Gel-based Proteomic Characterization of Soluble and Insoluble Fraction Proteins in Rat Spinal Cord
- *Corresponding Author:
- Professor Shaojun Liu
State Key Laboratory of Proteomics and Department of Neurobiology
Institute of Basic Medical Sciences
Beijing, 100850, P.R.China
E-mail: [email protected]
Received Date: January 22, 2010; Accepted Date: February 23, 2010; Published Date: February 23, 2010
Citation: Yang S, Ding Q, Guo Y, Zhao C, Jia Y, et al. (2010) Gel-based Proteomic Characterization of Soluble and Insoluble Fraction Proteins in Rat Spinal Cord. J Proteomics Bioinform 3: 074-081. doi: 10.4172/jpb.1000124
Copyright: © 2010 Yang S, et al. This is an open-access article distributed under the terms of the Creative Commons Attribution License, which permitsunrestricted use, distribution, and reproduction in any medium, provided the original author and source are credited.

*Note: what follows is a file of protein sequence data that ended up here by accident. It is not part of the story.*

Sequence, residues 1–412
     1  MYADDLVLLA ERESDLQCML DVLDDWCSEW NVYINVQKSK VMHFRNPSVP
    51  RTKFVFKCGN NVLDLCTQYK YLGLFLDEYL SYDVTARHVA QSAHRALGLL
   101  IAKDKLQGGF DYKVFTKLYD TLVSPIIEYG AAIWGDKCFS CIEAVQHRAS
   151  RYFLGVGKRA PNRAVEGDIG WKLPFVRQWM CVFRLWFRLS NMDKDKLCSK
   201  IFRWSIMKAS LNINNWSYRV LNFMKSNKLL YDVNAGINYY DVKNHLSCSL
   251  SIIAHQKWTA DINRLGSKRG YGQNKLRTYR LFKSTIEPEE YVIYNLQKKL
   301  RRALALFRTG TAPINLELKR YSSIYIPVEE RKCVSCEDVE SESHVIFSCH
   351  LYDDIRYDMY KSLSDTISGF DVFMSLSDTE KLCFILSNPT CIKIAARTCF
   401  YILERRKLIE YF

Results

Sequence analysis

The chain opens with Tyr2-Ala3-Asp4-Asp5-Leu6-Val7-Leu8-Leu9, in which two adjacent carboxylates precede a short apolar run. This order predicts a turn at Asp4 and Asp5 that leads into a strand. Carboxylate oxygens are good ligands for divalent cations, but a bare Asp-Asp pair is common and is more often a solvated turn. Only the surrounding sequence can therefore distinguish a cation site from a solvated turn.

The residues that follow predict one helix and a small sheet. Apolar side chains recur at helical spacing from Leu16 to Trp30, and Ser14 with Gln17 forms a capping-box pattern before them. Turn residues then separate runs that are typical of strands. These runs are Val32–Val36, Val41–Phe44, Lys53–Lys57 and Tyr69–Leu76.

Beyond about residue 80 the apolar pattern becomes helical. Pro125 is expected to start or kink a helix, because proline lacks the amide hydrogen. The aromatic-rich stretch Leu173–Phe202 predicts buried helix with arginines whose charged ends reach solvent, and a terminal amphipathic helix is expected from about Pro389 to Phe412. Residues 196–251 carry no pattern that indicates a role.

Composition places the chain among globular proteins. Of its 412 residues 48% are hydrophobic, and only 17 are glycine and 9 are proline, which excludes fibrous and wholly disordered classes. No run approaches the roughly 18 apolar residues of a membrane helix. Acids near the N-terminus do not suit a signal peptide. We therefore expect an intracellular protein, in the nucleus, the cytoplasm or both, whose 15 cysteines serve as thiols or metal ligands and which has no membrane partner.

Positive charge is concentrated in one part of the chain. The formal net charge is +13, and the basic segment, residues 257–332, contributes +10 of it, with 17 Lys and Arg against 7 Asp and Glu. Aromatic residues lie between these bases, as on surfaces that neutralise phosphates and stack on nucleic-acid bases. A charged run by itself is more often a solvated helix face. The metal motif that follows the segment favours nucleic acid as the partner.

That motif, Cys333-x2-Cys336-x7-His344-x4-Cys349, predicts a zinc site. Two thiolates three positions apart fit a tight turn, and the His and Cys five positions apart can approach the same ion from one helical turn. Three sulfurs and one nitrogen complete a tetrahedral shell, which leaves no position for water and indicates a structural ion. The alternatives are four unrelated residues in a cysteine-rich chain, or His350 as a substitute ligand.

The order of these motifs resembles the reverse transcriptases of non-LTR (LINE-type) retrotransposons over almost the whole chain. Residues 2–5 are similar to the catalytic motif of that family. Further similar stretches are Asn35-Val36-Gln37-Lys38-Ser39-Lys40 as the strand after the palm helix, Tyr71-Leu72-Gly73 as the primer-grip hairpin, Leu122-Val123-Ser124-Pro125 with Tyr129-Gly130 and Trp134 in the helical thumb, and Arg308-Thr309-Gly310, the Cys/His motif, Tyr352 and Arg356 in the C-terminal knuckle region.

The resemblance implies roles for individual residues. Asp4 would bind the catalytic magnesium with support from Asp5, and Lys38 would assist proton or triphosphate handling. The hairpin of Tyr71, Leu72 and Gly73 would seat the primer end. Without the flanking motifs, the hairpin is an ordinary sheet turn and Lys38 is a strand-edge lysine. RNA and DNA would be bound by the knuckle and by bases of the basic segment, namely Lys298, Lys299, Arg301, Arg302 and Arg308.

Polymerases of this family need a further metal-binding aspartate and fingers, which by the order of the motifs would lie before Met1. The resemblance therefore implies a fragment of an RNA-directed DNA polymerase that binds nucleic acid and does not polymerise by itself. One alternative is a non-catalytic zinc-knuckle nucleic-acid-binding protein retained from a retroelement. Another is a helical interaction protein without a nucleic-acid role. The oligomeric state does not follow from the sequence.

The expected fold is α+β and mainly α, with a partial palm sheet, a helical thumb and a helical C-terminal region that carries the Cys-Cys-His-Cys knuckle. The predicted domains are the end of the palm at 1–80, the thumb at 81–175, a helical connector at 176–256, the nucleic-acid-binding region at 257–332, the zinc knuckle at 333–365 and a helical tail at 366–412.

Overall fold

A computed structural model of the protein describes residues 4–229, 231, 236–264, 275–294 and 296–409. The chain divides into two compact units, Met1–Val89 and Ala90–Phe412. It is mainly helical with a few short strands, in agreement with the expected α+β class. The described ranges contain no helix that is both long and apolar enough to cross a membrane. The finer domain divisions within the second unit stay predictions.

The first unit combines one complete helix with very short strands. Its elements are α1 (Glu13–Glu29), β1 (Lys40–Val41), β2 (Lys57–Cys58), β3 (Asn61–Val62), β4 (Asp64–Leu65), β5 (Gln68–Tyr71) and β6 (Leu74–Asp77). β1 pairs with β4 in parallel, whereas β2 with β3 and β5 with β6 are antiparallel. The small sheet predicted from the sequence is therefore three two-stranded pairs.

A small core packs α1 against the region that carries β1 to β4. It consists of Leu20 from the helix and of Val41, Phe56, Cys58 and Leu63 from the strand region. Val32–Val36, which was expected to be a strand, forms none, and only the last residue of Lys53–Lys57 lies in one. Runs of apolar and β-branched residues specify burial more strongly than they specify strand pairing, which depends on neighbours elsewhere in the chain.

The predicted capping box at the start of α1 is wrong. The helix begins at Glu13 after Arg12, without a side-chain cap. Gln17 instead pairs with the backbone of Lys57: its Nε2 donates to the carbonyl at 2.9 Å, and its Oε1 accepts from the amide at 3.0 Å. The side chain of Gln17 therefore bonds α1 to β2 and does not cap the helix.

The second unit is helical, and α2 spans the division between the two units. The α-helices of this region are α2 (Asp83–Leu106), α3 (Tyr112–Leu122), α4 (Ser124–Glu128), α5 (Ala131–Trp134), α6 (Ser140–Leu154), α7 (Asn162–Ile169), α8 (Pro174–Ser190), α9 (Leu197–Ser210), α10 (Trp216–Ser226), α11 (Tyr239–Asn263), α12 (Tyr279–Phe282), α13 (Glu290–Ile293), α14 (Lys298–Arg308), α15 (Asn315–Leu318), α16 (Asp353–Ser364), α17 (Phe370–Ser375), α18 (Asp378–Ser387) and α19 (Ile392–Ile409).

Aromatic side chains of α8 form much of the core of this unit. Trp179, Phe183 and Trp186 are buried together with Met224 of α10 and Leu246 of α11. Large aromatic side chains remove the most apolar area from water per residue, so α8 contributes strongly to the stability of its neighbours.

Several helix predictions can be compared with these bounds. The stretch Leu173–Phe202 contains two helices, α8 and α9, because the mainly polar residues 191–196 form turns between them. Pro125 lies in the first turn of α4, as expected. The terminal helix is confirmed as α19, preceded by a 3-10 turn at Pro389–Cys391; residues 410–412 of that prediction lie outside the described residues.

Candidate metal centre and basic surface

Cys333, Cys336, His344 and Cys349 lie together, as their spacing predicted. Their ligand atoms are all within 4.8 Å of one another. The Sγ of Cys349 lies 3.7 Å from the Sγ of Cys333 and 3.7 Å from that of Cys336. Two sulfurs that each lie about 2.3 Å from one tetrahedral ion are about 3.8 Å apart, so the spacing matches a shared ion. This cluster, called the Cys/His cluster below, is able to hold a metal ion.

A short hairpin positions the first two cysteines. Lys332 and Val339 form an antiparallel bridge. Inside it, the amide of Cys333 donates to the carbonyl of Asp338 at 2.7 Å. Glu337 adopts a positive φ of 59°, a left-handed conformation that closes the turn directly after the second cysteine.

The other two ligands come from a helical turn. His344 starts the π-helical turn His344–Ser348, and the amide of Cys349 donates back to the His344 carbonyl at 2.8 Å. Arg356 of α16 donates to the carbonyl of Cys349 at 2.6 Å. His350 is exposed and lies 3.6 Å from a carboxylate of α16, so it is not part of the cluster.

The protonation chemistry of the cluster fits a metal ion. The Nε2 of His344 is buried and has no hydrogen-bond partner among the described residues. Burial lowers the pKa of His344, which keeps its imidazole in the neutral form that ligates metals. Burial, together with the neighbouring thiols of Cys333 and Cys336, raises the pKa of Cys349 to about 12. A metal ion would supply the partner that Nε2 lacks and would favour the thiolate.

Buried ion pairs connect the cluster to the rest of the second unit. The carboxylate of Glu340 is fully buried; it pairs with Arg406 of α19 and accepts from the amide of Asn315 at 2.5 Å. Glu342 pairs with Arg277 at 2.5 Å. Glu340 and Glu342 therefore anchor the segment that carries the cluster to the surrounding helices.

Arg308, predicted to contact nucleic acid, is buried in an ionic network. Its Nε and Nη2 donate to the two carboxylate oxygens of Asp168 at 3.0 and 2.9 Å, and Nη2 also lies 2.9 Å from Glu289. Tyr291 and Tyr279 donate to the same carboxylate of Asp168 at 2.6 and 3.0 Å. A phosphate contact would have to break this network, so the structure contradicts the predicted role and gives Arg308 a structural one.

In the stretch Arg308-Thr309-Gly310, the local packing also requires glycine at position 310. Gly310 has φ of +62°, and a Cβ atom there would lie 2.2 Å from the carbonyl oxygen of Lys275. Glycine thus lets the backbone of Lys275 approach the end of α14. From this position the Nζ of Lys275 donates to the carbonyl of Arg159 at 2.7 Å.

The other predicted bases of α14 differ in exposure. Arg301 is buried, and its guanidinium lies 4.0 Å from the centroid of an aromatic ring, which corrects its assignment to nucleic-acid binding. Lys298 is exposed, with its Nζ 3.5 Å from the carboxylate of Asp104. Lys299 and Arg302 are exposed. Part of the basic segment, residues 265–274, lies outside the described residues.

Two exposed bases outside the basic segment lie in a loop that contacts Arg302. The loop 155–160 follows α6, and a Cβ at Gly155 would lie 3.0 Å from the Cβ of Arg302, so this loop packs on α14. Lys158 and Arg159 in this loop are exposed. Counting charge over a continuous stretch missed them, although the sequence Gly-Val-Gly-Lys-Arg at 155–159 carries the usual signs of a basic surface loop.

Fractionation efficiency and protein characterization of neural soluble and insoluble proteins by sequential extraction was scrutinized by gel-based proteomic analysis. Spinal cord proteins of adult rats were first extracted with aqueous buffer (fraction A), followed by standard (fraction B) or modified (fraction C) enhanced solutions. Of the top 30 most abundant proteins in fractions A, B and C, the percentage of cytoplasmic proteins was 74% (28/38) , 37% (14/38) and 42% (15/36), respectively; membrane organellar proteins accounted for 8% (3/38), 45% (17/38), and 44% (16/36); membrane proteins accounted for 13% (5/38), 18% (7/38) and 14% (5/36). The number of hydrophobic domains was 5, 15 and 9. Shared proteins in three fractions were only 13%. When additional less abundant 30 spots enriched the insoluble fraction C were characterized, membrane proteins accounted for 31%, among which 83% were peripheral membrane proteins and 17% were integral membrane proteins. Functional analysis also revealed some difference between different fractions although all fractionated proteins are involved in energy metabolism, redox regulation, signal transduction and cellular architecture.